Your employer probably takes some money out of your paycheck before you see a dime of your wages.

It’s often not only legal and required in some instances, it’s helpful for most of us. If it were up to you, would you really sock away a fixed share of your wages every week for your entire working life?

But some employers get creative and greedy with this ability to take deductions from paychecks.

Aside from a few specific deductions such as federal and state taxes, Social Security and Medicare, there’s a high likelihood that your employer is breaking the law if they’re deducting anything else from your paycheck.

Dining and dashingshould not reduce your pay

Whether it’s called “pay docking” or taking wage “setoffs,” it’s generally illegal to reduce your paycheck to pay your employer’s cost of doing business. Consider the following common examples.

  • Restaurant customers sometimes “dine and dash.” Their tab can’t be deducted from the waitstaff’s wages or tips.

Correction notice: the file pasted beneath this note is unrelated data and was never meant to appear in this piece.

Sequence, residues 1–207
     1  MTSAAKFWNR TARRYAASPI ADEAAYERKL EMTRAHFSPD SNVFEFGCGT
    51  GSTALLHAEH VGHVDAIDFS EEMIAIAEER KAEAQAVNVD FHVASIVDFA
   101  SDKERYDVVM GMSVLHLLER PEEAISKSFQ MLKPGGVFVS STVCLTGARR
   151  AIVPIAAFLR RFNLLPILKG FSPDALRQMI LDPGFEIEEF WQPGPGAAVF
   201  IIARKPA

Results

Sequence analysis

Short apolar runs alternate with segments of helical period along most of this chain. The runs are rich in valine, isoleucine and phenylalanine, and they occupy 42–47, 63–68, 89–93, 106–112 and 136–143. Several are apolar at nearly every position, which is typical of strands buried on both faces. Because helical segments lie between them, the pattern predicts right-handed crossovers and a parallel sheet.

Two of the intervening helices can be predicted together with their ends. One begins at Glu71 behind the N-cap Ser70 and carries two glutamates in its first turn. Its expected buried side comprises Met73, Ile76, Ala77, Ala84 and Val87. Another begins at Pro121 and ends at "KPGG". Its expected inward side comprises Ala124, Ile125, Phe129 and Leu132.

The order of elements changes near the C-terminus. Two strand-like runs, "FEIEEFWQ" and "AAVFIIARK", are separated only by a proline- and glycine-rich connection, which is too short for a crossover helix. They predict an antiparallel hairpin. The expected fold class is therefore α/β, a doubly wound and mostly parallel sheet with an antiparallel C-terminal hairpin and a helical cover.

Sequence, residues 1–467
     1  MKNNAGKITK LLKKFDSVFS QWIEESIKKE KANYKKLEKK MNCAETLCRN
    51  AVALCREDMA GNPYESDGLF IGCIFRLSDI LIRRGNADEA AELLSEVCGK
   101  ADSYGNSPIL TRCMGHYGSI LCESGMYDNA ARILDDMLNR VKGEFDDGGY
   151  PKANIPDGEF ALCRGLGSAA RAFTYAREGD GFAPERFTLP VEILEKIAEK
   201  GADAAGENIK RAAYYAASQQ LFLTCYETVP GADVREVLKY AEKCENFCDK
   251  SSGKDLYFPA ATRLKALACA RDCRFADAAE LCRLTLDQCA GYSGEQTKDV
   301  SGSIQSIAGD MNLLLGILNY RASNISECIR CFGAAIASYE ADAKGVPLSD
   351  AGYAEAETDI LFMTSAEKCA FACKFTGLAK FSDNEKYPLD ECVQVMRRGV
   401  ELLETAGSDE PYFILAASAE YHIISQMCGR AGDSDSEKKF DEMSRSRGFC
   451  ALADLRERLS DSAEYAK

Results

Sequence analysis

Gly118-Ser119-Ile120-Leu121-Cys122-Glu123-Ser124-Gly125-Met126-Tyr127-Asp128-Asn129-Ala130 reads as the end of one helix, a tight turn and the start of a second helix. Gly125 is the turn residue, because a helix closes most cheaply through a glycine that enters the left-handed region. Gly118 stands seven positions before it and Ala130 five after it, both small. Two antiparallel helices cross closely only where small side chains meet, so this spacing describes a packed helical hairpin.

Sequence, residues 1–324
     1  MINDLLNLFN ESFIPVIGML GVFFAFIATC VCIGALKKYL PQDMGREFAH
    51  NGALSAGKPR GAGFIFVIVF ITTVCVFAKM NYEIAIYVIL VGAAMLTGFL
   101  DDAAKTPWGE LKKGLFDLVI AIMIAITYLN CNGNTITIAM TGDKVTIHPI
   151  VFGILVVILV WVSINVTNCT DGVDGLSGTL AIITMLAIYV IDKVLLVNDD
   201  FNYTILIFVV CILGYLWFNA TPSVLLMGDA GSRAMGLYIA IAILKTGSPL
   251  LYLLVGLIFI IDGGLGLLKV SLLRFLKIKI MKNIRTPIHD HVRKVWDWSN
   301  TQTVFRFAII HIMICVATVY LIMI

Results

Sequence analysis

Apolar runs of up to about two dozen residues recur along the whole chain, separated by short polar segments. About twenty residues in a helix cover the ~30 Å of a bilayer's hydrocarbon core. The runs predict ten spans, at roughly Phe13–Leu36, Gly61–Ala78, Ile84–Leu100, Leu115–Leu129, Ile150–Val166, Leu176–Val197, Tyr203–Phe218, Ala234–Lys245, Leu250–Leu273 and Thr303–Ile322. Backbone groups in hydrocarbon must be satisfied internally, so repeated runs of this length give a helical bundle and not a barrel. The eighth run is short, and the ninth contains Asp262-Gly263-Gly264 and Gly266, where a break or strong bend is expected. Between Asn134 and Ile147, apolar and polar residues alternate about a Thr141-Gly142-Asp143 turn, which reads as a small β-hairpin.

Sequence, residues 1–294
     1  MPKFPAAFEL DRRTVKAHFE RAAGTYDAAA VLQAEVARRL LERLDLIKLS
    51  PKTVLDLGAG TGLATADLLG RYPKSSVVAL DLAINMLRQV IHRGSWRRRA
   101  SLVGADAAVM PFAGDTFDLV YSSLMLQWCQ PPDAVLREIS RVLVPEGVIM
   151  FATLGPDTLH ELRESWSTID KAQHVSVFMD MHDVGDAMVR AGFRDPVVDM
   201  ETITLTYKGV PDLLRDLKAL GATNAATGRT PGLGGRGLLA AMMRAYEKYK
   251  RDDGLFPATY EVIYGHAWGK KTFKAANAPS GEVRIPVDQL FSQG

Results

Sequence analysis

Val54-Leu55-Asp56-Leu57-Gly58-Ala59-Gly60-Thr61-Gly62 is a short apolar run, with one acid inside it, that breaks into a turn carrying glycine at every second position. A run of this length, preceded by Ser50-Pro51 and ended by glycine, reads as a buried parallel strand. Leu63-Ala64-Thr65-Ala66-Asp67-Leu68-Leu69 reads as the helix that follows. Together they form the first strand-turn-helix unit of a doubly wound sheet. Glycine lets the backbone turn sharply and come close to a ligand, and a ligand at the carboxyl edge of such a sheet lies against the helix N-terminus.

• Despite credit card readers at pumps, filling stations still see drive-off gas thefts. The cost of the tankful can’t come out of the cashier’s pay.
  • Sometimes customers don’t like their hairstyle and come back to the salon for a “redo.” There’s little chance the cut and products can be legally charged to the stylist’s pay.

FLSA sets the benchmark in Massachusetts

Many other local, state and federal laws control what your employer can and cannot do within the law. The Fair Labor Standards Act (FLSA) isn’t the only law that matters to your employment, but most states build on the 1938 law and its many amendments.

For example, the FLSA sets a federal minimum wage of $7.25 an hour (for “nonexempt” workers), but the Massachusetts minimum wage is $12.00.

Because the FLSA is famously difficult to follow, a good relationship with an experienced employment law firm can be valuable in the long run.

But you should know that when it comes to docking your pay, the employer can’t just make stuff up as they go along.

In a major Massachusetts Supreme Judicial Court decision, in other words, the justices found that state labor law “prohibits wage deductions associated with an employer’s unilateral determination of an employee’s fault and damages.”